Denver police found suspected blood where the CR-V had been parked. Nearby, they found a concealed backpack and vehicle floor mats with suspected blood on them, the document reads.

The Denver Crime Laboratory documented the scene, which included footwear impressions in the snow near the hidden items. The shoe print was identified as a Nike Air Uptempo ’96 basketball shoe.

On Dec. 25 around 9:20 p.m., a Denver detective interviewed the male victim from the Dec. 23 shooting, who was still in the hospital. Due to his injuries, he could not speak, but communicated by writing and nodding. He told the detective he didn’t know who shot him, according to the affidavit.

He also confirmed that he was with Manuel and three others the night he was shot. He added he didn’t know two of them, writing “One tall one small” on the whiteboard, according to the affidavit. He told the detective he did not have any recollection of that day.

Police learned from another person that one of the people he and Manuel had been with that evening was Hollie, the suspect.

While investigating Hollie, police learned that he had been the victim in a shooting on Dec. 25 around 6 a.m. along the 4550 block of Cathay Street in Denver. An unknown person had fired into Hollie’s residence and he was home when police came to investigate.

The home is less than half a mile from where the CR-V had been reported on the previous morning.

On Dec. 26 around 6:15 a.m., a person called 911 to report a deceased female behind a dumpster at 4927 N. Salida Street in Denver. When officers arrived at the scene, they found the person with a gunshot wound to her head, according to the affidavit.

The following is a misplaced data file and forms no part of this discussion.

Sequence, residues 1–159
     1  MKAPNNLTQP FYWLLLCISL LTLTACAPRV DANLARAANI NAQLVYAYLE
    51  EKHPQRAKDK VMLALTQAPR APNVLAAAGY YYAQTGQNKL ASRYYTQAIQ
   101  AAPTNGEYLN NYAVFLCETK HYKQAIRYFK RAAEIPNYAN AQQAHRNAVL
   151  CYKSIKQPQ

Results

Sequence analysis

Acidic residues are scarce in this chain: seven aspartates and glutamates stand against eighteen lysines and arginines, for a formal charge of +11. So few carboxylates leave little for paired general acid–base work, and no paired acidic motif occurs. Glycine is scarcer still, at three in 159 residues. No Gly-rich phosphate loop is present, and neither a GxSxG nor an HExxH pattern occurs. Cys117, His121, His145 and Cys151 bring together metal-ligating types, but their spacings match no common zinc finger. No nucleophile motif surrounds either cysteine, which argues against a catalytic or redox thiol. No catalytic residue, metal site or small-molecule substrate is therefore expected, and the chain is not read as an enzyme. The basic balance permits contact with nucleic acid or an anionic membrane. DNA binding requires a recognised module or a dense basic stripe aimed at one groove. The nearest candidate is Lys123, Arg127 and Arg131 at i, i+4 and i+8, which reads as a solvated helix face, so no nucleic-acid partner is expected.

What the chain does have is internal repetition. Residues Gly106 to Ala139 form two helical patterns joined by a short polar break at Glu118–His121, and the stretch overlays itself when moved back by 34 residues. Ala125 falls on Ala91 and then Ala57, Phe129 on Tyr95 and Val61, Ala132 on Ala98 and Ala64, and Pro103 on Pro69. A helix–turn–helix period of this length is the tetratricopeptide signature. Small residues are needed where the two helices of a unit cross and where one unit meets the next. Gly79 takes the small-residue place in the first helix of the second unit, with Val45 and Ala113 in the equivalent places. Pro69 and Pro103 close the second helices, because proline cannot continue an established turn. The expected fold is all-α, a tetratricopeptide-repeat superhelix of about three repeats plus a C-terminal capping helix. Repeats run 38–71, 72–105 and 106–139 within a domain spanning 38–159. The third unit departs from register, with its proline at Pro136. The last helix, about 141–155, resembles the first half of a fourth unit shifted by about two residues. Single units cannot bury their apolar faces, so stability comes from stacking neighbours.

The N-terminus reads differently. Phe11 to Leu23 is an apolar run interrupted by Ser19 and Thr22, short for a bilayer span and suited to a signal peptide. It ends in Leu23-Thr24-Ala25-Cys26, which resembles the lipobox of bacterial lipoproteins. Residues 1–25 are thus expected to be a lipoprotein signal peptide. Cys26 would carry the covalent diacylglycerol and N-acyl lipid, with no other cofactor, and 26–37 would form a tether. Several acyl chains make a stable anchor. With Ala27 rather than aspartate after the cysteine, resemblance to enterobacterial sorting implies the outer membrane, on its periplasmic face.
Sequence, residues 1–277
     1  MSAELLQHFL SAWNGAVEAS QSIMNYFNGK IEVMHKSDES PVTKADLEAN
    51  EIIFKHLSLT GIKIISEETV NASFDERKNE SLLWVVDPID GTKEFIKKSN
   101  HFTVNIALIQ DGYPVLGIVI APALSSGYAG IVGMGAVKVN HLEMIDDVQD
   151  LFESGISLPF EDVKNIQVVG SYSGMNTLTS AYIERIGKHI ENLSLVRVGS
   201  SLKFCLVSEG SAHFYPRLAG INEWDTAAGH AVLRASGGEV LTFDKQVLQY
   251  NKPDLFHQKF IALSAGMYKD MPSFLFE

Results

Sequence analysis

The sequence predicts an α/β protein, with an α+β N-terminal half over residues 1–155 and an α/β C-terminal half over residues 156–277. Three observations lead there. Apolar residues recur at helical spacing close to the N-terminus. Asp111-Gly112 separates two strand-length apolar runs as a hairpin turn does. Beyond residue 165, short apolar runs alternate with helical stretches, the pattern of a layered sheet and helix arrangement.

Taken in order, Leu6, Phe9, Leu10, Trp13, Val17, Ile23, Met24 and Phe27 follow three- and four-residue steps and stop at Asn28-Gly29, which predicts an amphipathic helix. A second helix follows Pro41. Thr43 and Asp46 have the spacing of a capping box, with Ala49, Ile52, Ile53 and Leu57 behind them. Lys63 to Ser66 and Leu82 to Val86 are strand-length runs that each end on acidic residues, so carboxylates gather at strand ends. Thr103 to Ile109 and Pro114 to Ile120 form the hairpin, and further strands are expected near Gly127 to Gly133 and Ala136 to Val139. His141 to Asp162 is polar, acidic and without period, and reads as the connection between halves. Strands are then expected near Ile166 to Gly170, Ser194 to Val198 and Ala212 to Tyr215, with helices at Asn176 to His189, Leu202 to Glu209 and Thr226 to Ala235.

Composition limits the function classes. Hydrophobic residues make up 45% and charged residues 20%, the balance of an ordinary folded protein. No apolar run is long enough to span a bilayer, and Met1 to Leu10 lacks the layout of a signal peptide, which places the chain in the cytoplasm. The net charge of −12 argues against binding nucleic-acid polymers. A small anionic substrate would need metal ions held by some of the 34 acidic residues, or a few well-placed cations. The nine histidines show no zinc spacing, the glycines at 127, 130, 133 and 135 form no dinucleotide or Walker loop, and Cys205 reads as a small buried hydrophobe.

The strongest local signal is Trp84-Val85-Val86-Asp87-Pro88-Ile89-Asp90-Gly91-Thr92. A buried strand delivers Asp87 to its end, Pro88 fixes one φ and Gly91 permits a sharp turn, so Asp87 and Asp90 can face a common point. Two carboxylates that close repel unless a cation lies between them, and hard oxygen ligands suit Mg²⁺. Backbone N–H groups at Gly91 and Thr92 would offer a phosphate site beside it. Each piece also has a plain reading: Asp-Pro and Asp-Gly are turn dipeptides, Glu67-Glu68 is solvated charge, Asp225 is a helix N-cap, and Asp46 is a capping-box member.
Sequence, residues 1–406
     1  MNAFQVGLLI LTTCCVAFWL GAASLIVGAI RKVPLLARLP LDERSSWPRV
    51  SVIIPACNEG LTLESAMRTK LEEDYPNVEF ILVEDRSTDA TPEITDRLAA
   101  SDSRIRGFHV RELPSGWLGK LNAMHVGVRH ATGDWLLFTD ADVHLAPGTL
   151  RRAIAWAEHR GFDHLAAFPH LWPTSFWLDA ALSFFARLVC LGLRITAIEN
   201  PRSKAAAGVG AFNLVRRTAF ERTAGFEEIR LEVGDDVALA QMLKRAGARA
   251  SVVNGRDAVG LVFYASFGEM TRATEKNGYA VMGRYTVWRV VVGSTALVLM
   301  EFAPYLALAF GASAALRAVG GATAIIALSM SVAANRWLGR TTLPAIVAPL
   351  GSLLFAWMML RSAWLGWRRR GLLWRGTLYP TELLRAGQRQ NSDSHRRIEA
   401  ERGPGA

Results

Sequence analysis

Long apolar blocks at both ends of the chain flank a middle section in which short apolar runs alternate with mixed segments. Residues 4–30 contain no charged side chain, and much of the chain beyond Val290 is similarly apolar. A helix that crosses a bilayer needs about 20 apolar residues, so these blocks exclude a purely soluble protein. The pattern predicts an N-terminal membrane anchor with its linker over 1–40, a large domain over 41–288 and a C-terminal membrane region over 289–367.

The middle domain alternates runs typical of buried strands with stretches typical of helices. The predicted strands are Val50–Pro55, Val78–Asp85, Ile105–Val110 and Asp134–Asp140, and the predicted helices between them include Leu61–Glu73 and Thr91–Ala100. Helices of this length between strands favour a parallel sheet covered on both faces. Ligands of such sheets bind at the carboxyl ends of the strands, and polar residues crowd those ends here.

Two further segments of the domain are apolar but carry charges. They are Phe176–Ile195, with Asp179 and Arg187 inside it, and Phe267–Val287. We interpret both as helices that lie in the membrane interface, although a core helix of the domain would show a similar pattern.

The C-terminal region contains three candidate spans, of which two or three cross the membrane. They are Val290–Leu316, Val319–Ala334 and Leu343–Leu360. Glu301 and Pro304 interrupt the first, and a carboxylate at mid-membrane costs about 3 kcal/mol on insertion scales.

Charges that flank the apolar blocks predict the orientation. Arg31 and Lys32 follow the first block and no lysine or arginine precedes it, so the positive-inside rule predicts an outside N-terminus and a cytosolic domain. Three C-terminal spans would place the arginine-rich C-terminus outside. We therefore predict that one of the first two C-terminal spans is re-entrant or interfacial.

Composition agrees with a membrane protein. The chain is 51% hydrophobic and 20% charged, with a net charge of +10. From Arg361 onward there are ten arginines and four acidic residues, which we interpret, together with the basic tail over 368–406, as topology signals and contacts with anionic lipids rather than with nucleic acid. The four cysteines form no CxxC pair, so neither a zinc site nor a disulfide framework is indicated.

Denver Sgt. T. Lopez was assigned as the primary investigator in the homicide case. He identified the victim as a juvenile Black female and noted that she appeared to have been dragged behind the dumpster. Aside from her clothes, she did not have any belongings near her.

Based on photos and descriptions, police believed she was Manuel, which was later confirmed by the Denver Office of the Medical Examiner.

Around 10 a.m. that day, Sgt. Lopez spoke with two people — both of their identities were redacted in the affidavit — who knew Manuel. One said she had last seen Manuel around 12:30 a.m. on Dec. 23. These two people showed police how a phone app called Life360 allowed Manuel to share live location information, which showed she had been in the same area of the shooting on Dec. 23.